FROM the outset of his relation to Catherine II, which on her part began with such flattering eagerness for his services, Paul Jones showed an extraordinary desire to merit her good opinion.
From the first page to the last of the long journal which relates the history of his Russian services the note of personal regard for the autocrat of the north is strangely evident, showing that the great personality had laid a strong hold upon his imagination. In Catherine, the woman, holding in her hands the promise of the fulfilment of his ultimate ambitions, his worship of the feminine, and his undying love of glory, found their united realization. No praise, no honor among the many which he cherished, had so exquisitely flattered him as the notice of the Empress. It constituted in his mind a personal tie, whose responsibilities he instantly and unreservedly recognized; and like a knight of old he hastened to her call.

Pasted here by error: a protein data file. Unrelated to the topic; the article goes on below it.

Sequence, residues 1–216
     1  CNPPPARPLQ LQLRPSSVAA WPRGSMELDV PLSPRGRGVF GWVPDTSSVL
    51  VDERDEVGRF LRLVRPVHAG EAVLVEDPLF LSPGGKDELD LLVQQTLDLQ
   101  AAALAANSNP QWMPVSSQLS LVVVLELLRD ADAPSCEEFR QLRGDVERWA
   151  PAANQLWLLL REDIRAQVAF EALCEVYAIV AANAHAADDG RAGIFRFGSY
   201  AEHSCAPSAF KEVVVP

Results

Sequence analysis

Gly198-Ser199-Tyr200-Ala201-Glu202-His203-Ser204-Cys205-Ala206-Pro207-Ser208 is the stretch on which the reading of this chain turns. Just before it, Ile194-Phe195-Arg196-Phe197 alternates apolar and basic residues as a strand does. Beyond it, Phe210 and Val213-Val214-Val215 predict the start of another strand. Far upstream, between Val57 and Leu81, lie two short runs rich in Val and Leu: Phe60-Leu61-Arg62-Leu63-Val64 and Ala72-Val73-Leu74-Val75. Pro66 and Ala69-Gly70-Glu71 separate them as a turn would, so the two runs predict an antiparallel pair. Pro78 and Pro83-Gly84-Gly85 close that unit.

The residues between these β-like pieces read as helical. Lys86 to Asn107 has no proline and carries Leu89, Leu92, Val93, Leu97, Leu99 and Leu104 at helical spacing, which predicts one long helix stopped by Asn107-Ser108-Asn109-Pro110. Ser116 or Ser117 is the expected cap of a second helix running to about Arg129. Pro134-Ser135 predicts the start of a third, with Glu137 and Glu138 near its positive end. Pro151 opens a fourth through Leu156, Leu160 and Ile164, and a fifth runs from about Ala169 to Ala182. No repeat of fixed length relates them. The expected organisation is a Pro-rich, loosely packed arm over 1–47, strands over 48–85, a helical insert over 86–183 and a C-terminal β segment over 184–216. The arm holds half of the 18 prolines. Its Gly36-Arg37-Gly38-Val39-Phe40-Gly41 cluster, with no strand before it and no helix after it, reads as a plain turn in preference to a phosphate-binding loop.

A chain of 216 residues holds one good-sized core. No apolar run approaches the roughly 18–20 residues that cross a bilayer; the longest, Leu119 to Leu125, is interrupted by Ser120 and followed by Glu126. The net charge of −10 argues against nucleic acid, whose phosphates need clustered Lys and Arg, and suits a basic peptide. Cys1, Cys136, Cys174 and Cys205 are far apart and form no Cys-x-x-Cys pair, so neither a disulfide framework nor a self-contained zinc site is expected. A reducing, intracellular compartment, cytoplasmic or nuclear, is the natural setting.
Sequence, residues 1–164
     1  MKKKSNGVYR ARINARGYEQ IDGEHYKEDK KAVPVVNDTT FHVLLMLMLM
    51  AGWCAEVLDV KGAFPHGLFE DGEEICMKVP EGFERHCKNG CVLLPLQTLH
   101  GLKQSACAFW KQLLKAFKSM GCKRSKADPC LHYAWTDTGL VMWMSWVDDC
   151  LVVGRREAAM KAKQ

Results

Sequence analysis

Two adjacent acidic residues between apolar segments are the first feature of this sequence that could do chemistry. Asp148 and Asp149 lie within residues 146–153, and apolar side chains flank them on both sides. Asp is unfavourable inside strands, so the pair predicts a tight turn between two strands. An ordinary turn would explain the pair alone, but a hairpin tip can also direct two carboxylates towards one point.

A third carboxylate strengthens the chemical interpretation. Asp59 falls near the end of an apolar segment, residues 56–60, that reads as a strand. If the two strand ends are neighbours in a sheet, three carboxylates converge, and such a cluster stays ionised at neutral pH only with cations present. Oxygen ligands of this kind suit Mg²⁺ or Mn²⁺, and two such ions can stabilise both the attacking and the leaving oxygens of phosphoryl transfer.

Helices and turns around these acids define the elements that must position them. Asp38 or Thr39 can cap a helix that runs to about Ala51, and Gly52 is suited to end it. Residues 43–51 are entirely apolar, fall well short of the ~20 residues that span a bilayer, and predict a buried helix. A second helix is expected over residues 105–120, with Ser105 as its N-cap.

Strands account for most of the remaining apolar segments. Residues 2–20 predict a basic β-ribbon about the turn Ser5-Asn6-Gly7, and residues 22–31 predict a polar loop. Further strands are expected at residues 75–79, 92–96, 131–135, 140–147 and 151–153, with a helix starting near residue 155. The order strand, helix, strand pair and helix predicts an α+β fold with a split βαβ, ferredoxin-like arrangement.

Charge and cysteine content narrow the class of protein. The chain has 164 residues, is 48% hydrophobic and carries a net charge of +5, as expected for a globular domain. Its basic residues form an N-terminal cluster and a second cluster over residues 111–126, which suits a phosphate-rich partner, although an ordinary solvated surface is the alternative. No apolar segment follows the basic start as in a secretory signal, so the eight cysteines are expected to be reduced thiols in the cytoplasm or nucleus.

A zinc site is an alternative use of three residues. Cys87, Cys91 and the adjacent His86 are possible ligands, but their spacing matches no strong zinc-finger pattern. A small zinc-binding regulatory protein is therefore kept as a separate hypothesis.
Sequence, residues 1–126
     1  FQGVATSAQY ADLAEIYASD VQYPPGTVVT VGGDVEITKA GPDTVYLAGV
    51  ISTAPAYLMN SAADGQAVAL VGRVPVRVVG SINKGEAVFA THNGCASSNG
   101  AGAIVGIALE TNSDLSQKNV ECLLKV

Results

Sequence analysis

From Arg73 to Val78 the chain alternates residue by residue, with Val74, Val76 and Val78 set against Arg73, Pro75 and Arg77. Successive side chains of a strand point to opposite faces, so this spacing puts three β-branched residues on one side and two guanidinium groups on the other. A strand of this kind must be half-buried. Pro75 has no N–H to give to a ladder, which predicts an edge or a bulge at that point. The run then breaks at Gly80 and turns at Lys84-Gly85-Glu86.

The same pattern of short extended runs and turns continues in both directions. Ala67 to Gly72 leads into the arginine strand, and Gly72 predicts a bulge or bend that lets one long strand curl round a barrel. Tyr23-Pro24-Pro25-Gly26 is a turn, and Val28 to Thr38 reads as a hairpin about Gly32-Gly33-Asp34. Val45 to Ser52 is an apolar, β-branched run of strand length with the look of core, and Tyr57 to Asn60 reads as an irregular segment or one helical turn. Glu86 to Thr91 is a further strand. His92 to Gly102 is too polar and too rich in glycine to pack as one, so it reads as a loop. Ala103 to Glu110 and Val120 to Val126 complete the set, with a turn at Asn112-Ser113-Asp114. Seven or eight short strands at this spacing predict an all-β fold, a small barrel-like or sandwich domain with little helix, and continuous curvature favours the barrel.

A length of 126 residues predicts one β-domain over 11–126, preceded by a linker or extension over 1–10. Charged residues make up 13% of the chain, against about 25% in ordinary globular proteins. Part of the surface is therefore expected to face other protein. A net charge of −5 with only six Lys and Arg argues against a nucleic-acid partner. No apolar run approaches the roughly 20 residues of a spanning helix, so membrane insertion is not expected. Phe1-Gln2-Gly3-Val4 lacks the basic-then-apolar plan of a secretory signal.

Although many apprehensions of difficulty and disaster, like warning whispers, haunted his mind, he dwelt persistently upon the idea he had formed of her "glorious character," and put his future in her hands. In his letter of acceptance to Baron Krudener, written before his departure for Russia, he confesses his "irresistible